Data : dst pos =0, pos [00]=00 , len=03 47 00 03 10 00 40 49 dst pos =5, pos [0 f ]=05 , len=01 00 03 10 00 40 0f 01 d0 51 dst pos =8, pos [02]=08 , len=67 53 00 03 10 00 40 0 f 01 d0 02 67 03 63 04 5f 00 00 00 00 00 00 00 00 00 00 00 00 00 00 00 00 00 00 00 00 00 00 00 00 00 00 00 00 00 00 00 00 00 00 00 00 00 00 00 00 00 05 3a 00 00 00 00 00 41 41 41 41 41 41 41 41 41 41 41 41 41 41 41 41 41 41 41 41 41 41 41 41 41 41 41 41 41 41 41 41 41 41 41 41 41 41 41 41 41 41 41 41 41 41 41 ff c8 ff 9b 55 dst pos =71, pos [03]=0 a , len=63 00 03 10 00 40 0 f 01 d0 02 67 03 63 04 5 f 00 00 00 00 00 00 00 00 00 00 00 00 00 00 00 00 00 00 00 00 00 00 00 00 00 00 00 00 00 00 00 00 00 00 00 00 00 00 00 00 00 05 3a 00 00 00 00 00 41 41 41 41 41 41 41 41 41 41 41 41 41 41 41 41 41 41 41 41 41 41 41 41 41 41 41 41 41 41 41 41 41 41 41 41 41 41 41 41 41 41 41 41 41 41 41 f f c8 f f 9b 03 63 04 5f 00 00 00 00 00 00 00 00 00 00 00 00 00 00 00 00 00 00 00 00 00 00 00 00 00 00 00 00 00 00 00 00 00 00 00 00 00 00 00 00 00 05 3a 00 00 00 00 00 41 41 41 41 41 41 41 41 41 41 41 41 41 41 41 41 41 41 41 41 41 41 41 41 41 41 41 41 41 41 41 41 41 41 41 41 41 41 41 41 41 41 41 41 41 41 41 ff c8 57 dst pos=d6 , pos [04]=0 c , len=5f , overflow 59 00 03 10 00 40 0 f 01 d0 02 67 03 63 04 5 f 00 00 00 00 00 00 00 00 00 00 00 00 00 00 00 00 00 00 00 00 00 00 00 00 00 00 00 00 00 00 00 00 00 00 00 00 00 00 00 00 00 05 3a 00 00 00 00 00 41 41 41 41 41 41 41 41 41 41 41 41 41 41 41 41 41 41 41 41 41 41 41 41 41 41 41 41 41 41 41 41 41 41 41 41 41 41 41 41 41 41 41 41 41 41 41 f f c8 f f 9b 03 63 04 5 f 00 00 00 00 00 00 00 00 00 00 00 00 00 00 00 00 00 00 00 00 00 00 00 00 00 00 00 00 00 00 00 00 00 00 00 00 00 00 00 00 00 05 3a 00 00 00 00 00 41 41 41 41 41 41 41 41 41 41 41 41 41 41 41 41 41 41 41 41 41 41 41 41 41 41 41 41 41 41 41 41 41 41 41 41 41 41 41 41 41 41 41 41 41 41 41 f f c8 04 5f 00 00 00 00 00 00 00 00 00 00 00 00 00 00 00 00 00 00 00 00 00 00 00 00 00 00 00 00 00 00 00 00 00 00 00 00 00 00 00 00 00 05 3a 00 00 00 00 00 41 41 41 41 41 41 41 41 41 41 41 41 41 41 41 41 41 41 41 41 41 41 41 41 41 41 41 41 41 41 41 41 41 41 41 41 41 41 41 41 41 41 41 41 41 41 41 61 dst pos =37, pos [05]=37 , len=3a , r e s t o r e the o r i g i n a l payload 00 03 10 00 40 0 f 01 d0 02 67 03 63 04 5 f 00 00 00 00 00 00 00 00 00 00 00 00 00 00 00 00 00 00 00 00 00 00 00 00 00 00 00 00 00 00 00 00 00 00 00 00 00 00 00 00 00 05 3a 00 00 00 00 00 41 41 41 41 41 41 41 41 41 41 41 41 41 41 41 41 41 41 41 41 41 41 41 41 41 41 41 41 41 41 41 41 41 41 41 41 41 41 41 41 41 41 41 41 41 41 41 ff c8 ff 9b ff 97 04 5 f 00 00 00 00 00 00 00 00 00 00 00 00 00 00 00 00 00 00 00 00 00 00 00 00 00 00 00 00 00 00 00 00 00 00 00 00 00 00 00 00 00 05 3a 00 00 00 00 00 41 41 41 41 41 41 41 41 41 41 41 41 41 41 41 41 41 41 41 41 41 41 41 41 41 41 41 41 41 41 41 41 41 41 41 41 41 41 41 41 41 41 41 41 41 41 41 f f c8 04 5 f 00 00 00 00 00 00 00 00 00 00 00 00 00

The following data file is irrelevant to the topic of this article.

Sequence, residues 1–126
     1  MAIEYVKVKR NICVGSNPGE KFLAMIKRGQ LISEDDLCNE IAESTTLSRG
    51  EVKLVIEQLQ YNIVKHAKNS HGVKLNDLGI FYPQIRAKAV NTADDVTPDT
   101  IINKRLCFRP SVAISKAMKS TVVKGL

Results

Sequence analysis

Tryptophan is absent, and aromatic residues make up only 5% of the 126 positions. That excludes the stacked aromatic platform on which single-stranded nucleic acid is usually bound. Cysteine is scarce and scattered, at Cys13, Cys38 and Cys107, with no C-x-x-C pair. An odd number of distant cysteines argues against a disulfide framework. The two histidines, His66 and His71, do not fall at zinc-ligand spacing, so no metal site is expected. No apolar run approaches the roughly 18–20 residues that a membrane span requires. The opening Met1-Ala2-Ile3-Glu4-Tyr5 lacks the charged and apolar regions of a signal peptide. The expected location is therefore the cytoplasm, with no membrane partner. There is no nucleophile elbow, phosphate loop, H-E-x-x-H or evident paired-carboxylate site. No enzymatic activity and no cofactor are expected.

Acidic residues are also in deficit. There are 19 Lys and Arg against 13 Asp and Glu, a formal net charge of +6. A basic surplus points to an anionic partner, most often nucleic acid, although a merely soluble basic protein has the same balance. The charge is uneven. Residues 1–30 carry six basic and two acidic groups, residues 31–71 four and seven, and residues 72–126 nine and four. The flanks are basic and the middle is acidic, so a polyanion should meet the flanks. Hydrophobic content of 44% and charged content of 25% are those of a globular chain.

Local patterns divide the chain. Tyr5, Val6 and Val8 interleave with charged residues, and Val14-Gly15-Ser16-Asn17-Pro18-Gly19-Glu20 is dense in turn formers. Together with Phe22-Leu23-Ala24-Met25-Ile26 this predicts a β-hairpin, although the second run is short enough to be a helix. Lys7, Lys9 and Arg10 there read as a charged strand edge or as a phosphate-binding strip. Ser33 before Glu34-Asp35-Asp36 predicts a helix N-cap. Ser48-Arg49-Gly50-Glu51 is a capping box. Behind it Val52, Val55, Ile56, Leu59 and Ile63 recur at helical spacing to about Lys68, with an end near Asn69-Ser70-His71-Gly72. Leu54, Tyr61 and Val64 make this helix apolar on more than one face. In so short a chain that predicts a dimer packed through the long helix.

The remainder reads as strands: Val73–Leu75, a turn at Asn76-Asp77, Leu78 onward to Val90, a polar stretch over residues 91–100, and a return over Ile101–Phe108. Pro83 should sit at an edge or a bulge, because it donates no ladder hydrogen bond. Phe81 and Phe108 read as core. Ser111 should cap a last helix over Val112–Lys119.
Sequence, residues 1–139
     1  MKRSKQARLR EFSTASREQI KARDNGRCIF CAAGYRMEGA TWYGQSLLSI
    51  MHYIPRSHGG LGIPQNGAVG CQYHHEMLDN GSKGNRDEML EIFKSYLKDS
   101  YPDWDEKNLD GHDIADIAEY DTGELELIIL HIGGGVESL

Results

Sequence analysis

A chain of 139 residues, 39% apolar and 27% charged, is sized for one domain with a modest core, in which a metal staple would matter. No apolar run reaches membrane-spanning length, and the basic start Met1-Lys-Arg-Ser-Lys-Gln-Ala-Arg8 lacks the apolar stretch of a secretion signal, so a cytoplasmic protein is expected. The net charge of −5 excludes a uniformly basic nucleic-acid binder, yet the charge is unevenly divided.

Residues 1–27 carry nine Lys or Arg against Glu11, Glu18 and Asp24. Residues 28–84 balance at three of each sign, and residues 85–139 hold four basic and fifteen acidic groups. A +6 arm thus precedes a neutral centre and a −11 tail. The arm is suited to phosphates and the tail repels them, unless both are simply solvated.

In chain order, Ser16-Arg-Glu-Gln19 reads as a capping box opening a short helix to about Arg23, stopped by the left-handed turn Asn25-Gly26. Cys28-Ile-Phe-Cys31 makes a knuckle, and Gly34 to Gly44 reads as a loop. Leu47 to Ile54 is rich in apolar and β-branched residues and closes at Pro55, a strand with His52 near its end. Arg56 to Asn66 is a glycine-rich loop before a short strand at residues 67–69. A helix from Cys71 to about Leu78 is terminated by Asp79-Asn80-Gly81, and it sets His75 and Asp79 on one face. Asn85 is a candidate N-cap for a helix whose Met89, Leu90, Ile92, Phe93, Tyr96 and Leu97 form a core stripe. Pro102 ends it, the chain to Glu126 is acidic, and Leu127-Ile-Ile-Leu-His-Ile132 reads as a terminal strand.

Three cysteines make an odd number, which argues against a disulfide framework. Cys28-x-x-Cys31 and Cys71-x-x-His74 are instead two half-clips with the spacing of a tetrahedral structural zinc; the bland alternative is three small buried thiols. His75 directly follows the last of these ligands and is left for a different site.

11. Exploitation Of A Modern Smartphone Baseband 11 00 00 00